NOTE: August 21, 2007... the YouTube link originally found here was pulled (as it probably should have been.) You will not find it on Dailymotion either. To see the entire short check out Stash 32. Below is a still that matches the original YouTube rip. Click image to see Blur's trailer.

A Gentlemen's Duel image © Blur
(click to jump to Blur's website)

Yesterday, I surfed over to Angie Jones' blog Thinking Animation and I noticed that one of her recent posts was both applauding and criticizing A Gentlemen's Duel. The negatives she summed it up as reasons for dissatisfaction and feeling insulted were probably a by-product of her not having a Y chromosome.

Well, I have that particular chromosome and I wasn't entirely thrilled with this latest Blur short either. To sum it up, I am not a fan of humor that requires the audience to turn off empathy towards a character. In general, I don't like jokes that are "funny" because a male character keeps getting nailed in the nuts... and I don't like jokes playing off a lack of concern for a female character's well being, so much so tha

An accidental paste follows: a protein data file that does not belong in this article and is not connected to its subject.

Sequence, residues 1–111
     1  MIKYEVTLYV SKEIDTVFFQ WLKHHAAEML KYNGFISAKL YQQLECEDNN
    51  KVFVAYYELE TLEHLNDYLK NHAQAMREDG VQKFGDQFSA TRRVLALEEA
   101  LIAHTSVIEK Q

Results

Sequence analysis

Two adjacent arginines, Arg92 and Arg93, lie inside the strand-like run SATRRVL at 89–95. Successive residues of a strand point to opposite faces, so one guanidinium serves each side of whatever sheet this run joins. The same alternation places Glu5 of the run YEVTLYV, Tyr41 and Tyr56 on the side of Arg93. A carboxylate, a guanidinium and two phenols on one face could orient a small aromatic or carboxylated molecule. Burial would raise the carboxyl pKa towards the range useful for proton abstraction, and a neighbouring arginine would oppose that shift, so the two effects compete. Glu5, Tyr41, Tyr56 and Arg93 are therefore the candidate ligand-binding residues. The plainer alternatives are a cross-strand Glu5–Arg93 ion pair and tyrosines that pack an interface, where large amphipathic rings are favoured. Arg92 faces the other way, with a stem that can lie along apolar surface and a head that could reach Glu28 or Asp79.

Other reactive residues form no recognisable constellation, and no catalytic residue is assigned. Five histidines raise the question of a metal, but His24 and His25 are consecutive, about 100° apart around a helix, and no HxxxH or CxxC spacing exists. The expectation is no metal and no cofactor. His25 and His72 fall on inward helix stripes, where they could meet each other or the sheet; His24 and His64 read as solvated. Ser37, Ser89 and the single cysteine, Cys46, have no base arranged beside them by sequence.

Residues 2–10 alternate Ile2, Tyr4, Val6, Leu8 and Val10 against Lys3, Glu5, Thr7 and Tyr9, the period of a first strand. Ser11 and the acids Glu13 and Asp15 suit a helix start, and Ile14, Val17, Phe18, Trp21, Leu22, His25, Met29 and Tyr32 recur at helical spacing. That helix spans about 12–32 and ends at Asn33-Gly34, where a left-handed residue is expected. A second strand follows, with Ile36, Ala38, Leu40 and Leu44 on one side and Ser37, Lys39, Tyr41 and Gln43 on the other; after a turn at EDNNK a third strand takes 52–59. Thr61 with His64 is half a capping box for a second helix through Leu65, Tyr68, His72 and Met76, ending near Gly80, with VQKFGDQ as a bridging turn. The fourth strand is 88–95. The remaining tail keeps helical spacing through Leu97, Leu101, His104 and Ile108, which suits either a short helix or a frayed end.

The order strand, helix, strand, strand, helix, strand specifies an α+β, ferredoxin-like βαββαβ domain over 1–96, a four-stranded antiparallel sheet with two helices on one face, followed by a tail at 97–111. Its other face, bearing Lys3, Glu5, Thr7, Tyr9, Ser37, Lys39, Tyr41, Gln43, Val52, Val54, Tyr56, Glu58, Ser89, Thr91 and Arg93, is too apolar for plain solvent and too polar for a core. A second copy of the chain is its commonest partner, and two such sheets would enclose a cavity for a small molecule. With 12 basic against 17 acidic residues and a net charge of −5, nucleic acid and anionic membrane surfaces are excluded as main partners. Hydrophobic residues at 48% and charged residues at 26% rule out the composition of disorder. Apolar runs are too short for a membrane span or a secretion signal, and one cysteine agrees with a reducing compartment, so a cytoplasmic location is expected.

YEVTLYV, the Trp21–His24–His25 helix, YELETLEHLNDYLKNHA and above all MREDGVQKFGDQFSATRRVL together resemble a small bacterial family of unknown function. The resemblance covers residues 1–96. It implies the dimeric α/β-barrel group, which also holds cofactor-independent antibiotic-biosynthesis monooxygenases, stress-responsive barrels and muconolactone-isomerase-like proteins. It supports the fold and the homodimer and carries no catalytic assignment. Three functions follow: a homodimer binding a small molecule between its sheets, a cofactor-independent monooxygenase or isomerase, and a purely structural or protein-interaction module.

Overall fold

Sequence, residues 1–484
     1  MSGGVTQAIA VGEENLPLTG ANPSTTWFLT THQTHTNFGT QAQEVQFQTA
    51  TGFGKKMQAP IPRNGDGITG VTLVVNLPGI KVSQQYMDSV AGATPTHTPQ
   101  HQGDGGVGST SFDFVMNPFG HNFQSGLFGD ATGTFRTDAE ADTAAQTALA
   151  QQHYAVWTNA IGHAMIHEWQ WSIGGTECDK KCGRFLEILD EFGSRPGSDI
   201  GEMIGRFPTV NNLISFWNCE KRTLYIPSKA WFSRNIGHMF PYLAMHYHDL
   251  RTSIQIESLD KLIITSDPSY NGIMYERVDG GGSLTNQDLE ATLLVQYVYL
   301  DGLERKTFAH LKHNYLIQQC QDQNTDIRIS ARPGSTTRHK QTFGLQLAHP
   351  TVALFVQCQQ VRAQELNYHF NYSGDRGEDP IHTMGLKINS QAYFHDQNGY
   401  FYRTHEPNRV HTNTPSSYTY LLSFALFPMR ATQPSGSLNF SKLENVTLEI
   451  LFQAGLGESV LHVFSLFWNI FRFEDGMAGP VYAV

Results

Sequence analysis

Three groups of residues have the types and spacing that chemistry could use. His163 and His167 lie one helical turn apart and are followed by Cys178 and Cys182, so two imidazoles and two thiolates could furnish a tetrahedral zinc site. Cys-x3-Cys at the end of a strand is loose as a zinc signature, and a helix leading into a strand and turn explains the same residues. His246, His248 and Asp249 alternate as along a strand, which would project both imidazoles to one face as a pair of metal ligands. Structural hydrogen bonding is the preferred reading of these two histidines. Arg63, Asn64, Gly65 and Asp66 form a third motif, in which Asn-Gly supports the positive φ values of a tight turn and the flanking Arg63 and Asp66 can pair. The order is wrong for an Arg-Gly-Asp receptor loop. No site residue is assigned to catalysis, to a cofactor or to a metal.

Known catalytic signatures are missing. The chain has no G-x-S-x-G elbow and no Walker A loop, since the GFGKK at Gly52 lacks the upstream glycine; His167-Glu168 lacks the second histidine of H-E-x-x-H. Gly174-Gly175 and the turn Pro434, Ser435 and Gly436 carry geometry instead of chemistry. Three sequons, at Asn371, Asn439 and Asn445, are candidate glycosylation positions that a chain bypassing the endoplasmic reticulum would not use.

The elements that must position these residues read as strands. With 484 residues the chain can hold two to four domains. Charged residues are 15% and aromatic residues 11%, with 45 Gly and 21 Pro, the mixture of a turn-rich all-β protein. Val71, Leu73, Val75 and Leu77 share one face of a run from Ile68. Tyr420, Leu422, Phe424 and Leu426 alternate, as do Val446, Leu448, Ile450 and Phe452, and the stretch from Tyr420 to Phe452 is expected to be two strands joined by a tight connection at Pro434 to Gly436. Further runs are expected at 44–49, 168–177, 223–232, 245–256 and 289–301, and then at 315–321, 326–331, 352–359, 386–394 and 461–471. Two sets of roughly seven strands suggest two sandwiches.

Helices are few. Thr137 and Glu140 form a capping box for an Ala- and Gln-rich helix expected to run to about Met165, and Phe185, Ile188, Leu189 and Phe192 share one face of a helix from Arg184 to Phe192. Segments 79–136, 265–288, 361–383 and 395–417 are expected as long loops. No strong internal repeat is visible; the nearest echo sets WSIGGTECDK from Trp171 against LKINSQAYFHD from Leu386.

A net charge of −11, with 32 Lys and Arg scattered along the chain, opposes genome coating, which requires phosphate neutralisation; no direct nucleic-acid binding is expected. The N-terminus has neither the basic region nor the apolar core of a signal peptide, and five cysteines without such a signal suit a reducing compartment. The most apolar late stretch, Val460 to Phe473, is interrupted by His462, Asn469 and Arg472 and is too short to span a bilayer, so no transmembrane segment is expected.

t she is beaten, punched, smacked, knocked over, and hit on the head with a broken stone planter. I also don't find a story funny just because ample bosoms giggle on female character who is generously endowed.

While well endowed women are a wonderful site to behold, and the way certain areas of their anatomies giggle can be a delightful experience for many of us humans - for me, it would help if a female character in a story where, oh... I don't know... in possession of a brain, some wit, and her own agenda that may happen to be separate from that of men. Some of us Y chromosome people find such qualities in women attractive, and dare I say it... appealing.

Good grief, the toy poodle has more personality than the female character around which so much of the plot revolves.

Angie Jone's post regarding this short reminded me of a rendered still of the production I found online in November of 2006. With this image I made a few discoveries that, atypical for me, I haven't bothered sharing with my students.

A Gentlemen's Duel image © Blur (click to enlarge)

One thing I try, desperately, to get across to my animation students is how all elements in the frame are connected. Which leads me to the still you see directly above this paragraph. If two characters are on the screen at the